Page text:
“Covid Likely Originated in a Lab Leak” says FBI, CIA, and Department of Energy


Matt Hancock

Wuhan Institute of Virology

Nikolai Burchell, Staff Writer

In Washington D.C, the U.S Department of Energy has officially concluded that the Covid-19 pandemic most likely originated from a lab leak in Wuhan, China. The department reportedly did so after receiving “fresh intelligence” that made them reconsider their previous undecided stance on the matter. However, it should be noted that the department did so with “low confidence,” effectively still rendering their determination as shaky, and subject to change should further findings come to light.

This makes the second U.S federal government organization to endorse the odd theory that the Covid-19 pandemic originated from a lab leak in Wuhan, under the communist government of the People’s Republic of China, in contrast to the more popularly scientifically accepted theory that the virus came from a zoonotic jump from bats to humans due to mutation, likely in a wet market within Wuhan itself. 

Four intelligence agencies, as well as the National Intelligence Council, still believe “with low confidence” that natural transmission was responsible, and two remain entirely undecided. It should be noted however, that no agency believes that China is intentionally creating a bio-weapon. The general American intelligence community has reached a judgment that falls somewhere between not sure and who knows.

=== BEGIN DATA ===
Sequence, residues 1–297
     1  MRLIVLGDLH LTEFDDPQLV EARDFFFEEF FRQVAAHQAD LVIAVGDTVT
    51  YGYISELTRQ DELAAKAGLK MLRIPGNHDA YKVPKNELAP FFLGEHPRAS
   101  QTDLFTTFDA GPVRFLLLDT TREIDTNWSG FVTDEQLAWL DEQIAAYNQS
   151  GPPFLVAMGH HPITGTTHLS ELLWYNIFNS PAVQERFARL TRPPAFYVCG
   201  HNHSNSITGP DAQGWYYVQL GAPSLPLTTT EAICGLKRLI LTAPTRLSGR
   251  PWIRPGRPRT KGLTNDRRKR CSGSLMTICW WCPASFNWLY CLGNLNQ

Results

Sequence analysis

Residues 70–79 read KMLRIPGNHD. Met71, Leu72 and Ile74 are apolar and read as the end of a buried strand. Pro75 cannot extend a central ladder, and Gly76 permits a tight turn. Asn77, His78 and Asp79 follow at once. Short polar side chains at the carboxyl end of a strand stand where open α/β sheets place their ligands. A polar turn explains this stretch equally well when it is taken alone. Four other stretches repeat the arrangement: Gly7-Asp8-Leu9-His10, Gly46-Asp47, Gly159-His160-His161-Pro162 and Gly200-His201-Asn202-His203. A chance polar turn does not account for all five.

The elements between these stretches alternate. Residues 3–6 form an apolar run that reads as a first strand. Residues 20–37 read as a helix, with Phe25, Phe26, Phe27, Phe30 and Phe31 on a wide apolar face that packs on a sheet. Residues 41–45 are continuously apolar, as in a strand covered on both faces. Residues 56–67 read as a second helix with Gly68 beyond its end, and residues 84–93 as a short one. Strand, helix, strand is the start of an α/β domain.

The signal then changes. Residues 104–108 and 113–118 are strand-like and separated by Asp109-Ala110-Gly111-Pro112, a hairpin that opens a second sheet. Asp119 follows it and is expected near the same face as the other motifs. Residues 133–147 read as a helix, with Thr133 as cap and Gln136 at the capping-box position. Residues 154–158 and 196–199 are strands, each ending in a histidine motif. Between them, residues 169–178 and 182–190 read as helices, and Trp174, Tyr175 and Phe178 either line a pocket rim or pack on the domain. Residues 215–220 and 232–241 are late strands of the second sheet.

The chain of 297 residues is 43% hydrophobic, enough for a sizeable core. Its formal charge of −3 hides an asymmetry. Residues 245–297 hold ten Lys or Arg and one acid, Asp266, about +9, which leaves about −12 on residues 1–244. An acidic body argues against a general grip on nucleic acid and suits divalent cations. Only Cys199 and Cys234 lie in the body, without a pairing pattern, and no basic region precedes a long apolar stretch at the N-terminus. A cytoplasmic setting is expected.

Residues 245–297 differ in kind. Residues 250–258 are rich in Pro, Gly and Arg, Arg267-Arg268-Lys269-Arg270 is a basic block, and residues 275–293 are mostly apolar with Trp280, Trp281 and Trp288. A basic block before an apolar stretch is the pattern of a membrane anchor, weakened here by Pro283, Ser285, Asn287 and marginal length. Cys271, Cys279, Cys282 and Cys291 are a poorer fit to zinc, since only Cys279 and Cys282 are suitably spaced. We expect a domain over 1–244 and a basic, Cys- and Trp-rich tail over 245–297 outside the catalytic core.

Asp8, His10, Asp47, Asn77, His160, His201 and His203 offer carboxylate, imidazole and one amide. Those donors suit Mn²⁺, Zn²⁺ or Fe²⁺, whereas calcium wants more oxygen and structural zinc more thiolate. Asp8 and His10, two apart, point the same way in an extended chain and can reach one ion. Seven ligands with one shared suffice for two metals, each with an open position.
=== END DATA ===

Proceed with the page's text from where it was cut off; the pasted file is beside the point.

Of course, that uncertainty has not halted conservative politicians and commentators from declaring victory, with conservatives being among the first to endorse the theory in opposition to the People’s Republic of China. Many have claimed victory over “the cancel mob” and “communist liberals,” proudly declaring that they were correct all along. Of course, those on the left have dismissed the theory as “blatantly sinophobic.”

The COVID-Origination debate seems to be a continuation of many of the elements that dogged political discourse throughout the pandemic: confirmation bias, political polarization, geopolitical tensions, and the hazards of moderating online speech. Tom Cotton, a Republican senator, was the first to suggest the lab theory, albeit without any evidence. 

Regardless, the implications if the lab leak theory were to be true are immense. It could very well lead to a much more decidedly anti-China policy by the United States. However, with the United States holding a close economic relationship to China, many see such as unlikely.